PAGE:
• Natasha Price

Learning about PRDs as a UI/UX designer



My mentor is a Product Manager, who often wears many hats in the development of a product. PRDs stand for Product Requirements Document, a regular asset that he creates to help his team focus on the big goals for the project. He recommended I explore the creation of one as I embark on a new project where I attempt to improve the process of creating a strong resume via a resume builder feature.


The document comes after initial prototyping and research, and it is what every person involved in the product defers to. It defines the problems the product is fixing. It’s updated regularly, weekly or sometimes daily, it iterates along with the team’s progress. It has 4 main sections, What’s the product for? What features does it have? When is it “good enough” to release, and a loose timeline. It does not focus on solutions, that is what your team’s job is.



The PRD explain why changes were made, it’s what everyone can look back on and they will know why something was done, they won’t explore that avenue conceptually and will save your team time and frustration.


Purpose talks about why people will use the product, what needs is the product meeting? Are those needs not being met at all or being handled poorly? Why is it important?


When talking about features in the PRD, they need to be directly connected to the purpose of the product, how does this feature directly support the main goal of the product? It helps you rank the importance of each feature.


Release criteria goals should be simple, clear on when they are met, things that are possible and not idealized, and something you can measure. KPIs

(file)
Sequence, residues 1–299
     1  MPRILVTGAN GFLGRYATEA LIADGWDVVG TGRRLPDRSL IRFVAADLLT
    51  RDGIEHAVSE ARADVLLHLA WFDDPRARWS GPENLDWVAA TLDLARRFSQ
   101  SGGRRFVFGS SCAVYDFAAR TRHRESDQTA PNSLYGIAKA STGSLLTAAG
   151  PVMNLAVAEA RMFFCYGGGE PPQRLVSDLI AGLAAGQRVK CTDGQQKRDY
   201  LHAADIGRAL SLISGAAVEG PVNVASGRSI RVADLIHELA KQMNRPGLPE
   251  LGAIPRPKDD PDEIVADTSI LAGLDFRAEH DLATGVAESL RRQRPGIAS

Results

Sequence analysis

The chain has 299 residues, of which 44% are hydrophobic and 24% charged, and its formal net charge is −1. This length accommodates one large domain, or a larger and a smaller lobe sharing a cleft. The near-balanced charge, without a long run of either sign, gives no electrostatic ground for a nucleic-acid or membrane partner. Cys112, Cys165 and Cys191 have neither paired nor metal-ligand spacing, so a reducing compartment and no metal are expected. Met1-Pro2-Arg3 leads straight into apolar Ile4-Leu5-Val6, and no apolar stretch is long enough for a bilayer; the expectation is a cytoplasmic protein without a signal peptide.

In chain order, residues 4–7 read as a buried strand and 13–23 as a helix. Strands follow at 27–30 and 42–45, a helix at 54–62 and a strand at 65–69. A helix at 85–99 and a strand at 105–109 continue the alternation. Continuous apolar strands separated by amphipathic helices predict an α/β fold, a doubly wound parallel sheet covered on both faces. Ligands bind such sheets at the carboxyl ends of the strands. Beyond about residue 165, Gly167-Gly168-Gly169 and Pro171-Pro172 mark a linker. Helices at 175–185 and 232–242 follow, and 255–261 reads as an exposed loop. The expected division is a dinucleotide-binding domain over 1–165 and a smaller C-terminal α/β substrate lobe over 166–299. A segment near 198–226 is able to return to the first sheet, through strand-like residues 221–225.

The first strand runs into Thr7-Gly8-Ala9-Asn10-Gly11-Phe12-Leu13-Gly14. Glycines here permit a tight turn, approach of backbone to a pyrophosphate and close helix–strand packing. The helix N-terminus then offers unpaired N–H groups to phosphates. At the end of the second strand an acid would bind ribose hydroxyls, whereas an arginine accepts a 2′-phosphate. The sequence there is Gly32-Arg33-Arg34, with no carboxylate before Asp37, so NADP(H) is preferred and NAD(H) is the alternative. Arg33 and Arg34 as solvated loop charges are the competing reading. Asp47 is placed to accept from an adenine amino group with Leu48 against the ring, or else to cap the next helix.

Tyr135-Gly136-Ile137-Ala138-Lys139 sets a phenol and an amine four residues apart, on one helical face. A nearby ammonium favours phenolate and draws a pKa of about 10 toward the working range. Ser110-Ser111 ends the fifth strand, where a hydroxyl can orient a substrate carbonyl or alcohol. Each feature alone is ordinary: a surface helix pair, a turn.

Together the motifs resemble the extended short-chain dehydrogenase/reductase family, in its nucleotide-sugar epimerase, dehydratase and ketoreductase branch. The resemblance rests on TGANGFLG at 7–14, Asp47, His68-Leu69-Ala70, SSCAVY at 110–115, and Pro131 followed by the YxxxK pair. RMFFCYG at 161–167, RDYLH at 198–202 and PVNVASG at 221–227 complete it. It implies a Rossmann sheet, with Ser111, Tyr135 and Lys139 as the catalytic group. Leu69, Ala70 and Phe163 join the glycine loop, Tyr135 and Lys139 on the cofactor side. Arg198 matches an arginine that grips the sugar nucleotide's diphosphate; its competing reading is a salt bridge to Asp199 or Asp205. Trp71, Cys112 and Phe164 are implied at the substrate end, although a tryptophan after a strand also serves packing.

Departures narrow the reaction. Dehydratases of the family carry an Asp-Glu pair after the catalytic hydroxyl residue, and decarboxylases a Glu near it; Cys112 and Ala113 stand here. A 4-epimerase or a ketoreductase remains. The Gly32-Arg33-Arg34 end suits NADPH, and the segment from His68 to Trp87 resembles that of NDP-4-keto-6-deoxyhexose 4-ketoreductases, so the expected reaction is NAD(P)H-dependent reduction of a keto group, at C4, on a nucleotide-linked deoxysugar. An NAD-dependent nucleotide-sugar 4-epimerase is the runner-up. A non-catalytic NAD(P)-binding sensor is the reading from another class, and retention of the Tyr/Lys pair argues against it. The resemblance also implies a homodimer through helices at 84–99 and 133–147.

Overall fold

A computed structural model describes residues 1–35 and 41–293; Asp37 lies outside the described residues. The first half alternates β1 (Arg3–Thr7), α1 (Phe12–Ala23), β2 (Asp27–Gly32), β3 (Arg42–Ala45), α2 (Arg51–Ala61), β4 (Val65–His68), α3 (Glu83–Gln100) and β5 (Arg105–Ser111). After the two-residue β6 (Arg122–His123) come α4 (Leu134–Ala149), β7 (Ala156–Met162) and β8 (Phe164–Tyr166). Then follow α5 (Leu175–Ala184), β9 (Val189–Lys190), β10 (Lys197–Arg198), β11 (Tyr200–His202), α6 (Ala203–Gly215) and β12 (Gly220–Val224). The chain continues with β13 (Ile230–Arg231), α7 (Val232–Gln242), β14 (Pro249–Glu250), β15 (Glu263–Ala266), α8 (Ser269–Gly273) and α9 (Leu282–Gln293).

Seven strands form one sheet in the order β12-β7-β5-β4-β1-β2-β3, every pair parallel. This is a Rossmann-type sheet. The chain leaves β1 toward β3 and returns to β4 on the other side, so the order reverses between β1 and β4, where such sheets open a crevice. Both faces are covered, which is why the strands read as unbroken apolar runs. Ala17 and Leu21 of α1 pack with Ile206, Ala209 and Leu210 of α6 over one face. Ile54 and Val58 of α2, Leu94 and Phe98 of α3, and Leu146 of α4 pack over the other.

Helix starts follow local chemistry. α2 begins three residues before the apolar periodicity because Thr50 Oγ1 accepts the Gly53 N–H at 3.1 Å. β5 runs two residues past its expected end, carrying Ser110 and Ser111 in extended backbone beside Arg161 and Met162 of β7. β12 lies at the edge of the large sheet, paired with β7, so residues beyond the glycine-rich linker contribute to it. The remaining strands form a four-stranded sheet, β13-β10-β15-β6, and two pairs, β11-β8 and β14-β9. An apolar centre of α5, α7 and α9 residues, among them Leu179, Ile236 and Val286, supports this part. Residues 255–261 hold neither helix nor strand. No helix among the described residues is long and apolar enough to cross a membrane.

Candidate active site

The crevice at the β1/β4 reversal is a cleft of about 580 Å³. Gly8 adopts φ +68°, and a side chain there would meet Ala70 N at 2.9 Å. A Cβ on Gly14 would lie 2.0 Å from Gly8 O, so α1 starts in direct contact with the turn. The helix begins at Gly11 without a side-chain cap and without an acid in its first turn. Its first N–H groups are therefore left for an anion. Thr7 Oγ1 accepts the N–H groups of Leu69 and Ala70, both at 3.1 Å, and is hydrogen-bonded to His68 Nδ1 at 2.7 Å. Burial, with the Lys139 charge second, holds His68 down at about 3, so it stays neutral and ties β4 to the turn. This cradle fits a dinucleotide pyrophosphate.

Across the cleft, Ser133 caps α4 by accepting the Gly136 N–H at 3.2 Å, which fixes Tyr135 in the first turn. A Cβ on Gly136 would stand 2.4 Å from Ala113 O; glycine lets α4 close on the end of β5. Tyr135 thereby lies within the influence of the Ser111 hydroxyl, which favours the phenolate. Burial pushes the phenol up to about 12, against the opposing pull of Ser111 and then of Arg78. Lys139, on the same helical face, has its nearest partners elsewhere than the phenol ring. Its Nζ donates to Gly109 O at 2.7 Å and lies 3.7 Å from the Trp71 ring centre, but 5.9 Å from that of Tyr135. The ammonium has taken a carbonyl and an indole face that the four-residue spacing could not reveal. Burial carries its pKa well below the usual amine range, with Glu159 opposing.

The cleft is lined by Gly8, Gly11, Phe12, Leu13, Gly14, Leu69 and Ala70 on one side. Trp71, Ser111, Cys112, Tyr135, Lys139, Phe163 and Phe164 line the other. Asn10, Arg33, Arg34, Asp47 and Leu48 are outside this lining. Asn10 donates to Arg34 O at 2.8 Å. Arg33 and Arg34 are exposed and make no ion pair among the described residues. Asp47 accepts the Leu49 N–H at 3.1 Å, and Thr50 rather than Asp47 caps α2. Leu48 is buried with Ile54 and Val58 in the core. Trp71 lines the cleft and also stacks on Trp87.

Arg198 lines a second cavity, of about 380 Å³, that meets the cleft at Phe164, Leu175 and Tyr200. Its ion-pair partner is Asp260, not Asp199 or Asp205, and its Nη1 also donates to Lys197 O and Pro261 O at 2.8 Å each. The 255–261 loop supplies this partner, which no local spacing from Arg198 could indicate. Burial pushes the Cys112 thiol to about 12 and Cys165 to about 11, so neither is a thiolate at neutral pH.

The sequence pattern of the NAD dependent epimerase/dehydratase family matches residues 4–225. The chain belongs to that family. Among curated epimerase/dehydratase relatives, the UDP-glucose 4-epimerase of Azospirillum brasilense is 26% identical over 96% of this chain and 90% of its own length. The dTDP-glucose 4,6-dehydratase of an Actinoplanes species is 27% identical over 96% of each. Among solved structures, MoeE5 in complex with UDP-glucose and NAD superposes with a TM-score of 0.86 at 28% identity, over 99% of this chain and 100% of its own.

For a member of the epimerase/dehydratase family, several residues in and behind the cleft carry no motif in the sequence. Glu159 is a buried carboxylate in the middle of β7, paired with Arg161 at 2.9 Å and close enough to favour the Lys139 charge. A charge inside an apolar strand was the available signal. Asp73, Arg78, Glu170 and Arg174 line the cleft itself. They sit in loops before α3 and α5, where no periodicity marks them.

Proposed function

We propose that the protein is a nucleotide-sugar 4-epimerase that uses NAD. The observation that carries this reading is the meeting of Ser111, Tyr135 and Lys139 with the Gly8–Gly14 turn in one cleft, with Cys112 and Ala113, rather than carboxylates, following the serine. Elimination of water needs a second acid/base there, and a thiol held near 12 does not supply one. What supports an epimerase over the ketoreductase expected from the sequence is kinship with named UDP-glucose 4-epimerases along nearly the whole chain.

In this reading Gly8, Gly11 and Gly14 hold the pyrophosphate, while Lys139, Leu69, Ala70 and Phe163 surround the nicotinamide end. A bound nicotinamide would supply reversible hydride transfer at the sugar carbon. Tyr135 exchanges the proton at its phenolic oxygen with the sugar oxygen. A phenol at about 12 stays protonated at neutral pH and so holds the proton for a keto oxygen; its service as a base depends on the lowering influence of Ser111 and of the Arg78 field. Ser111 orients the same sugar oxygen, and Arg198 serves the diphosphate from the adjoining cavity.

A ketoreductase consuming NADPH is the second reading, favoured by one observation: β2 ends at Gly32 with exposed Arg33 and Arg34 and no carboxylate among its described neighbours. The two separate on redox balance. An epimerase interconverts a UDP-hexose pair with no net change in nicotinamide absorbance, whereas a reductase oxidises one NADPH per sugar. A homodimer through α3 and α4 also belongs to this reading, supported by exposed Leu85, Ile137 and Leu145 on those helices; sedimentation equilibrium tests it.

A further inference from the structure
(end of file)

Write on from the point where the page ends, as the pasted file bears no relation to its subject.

There are templates you can use (easily found via Google). My mentor uses Google Slides to create a deck that is highly visual. Visuals help understanding in a way text cannot convey and much faster.





Lastly, make sure everyone reviews and understands it. In my experience this can be the hardest part is making sure your team reviewed documents you’ve made. Daily stand ups with a time limit could be useful when sharing, I find generalized meetings tangent off way too easily.


Since my current project is solo I think creating a PRD for me would look more like an evolving case study where I save each iteration and develop my slides. Too often I jump into a project and create a case study later. By integrating the PRD concepts I can have my high level goals and then the nitty gritty solutions, the before and after side by side.

sources:

How to Write a Painless Product Requirements Document

How to Write a PRD — With Examples

and my mentor


Main Image byManfred StegerfromPixabay

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